Background info - his grandad died a year ago. This wonderful man was like a third parent to him. Recently his other grandad has been poorly but we've explained that its not life threatening poorly. It may be a contributing factor, but this behaviour was well underway before any of this happened.
Sorry about the length of this post, I just wanted to try and put as much info in as I could. Thank you.

OP posts:
cory · 04/07/2013 11:11

Seems like you are handling it really well.

The next thing I would do would be to tell him that some people just get these obsessive thoughts. That it's not a sign of anything bad, it's just the brain feeling slightly anxious because that's the way some people's brains work, so it tries to make up a story to fit the feeling. A bit like when you are asleep and need the toilet so you start having all these weird toilet related dreams, or you've got entangled in the duvet so you dream that you are fighting someone or trying to run away.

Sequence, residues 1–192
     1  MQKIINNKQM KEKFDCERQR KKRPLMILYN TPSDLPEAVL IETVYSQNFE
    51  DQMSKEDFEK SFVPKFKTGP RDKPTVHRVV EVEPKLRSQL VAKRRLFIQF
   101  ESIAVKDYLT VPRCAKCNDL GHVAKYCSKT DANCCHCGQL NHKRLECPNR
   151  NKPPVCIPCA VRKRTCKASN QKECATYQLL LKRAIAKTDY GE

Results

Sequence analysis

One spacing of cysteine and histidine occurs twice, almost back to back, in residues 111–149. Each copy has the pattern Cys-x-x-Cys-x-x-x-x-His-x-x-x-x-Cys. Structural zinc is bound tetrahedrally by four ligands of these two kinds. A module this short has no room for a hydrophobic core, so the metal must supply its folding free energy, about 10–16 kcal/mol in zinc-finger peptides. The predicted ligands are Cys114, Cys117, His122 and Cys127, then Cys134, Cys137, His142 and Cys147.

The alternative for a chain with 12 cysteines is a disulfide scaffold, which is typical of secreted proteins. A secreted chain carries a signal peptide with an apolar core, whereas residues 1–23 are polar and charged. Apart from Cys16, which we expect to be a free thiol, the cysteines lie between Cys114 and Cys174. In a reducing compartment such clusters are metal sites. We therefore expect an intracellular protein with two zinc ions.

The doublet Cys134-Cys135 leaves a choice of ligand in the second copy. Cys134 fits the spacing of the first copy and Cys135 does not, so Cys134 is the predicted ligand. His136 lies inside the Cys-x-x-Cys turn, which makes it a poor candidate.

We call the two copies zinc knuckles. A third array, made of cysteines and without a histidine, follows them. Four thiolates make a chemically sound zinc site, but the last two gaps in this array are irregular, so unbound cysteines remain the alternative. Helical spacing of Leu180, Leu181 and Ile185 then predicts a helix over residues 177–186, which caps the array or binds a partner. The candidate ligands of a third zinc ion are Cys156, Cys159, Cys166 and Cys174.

Tell him that the good news is that you can control these thoughts and that there are special techniques that people use to do that. And then teach him some basic CBT techniques. My favourite one is whenever I feel anxious thoughts starting to picture myself walking down a road and I come to a crossing with signposts. One fork is labelled Bad thoughts, and I look at that sign and say (sometimes aloud to myself) NO, I don't have to go down that road, I am going to choose to go down this other, much nicer road instead.

Tell him about people who have a phobia about aeroplanes but can gradually train themselves up to the point where they can even travel in one. Tell him they start small, with things that don't seem too scary and then they gradually do harder and harder things. Perhaps he could work on that too, practise by being alone in the day, then alone in the evening with the telly on etc.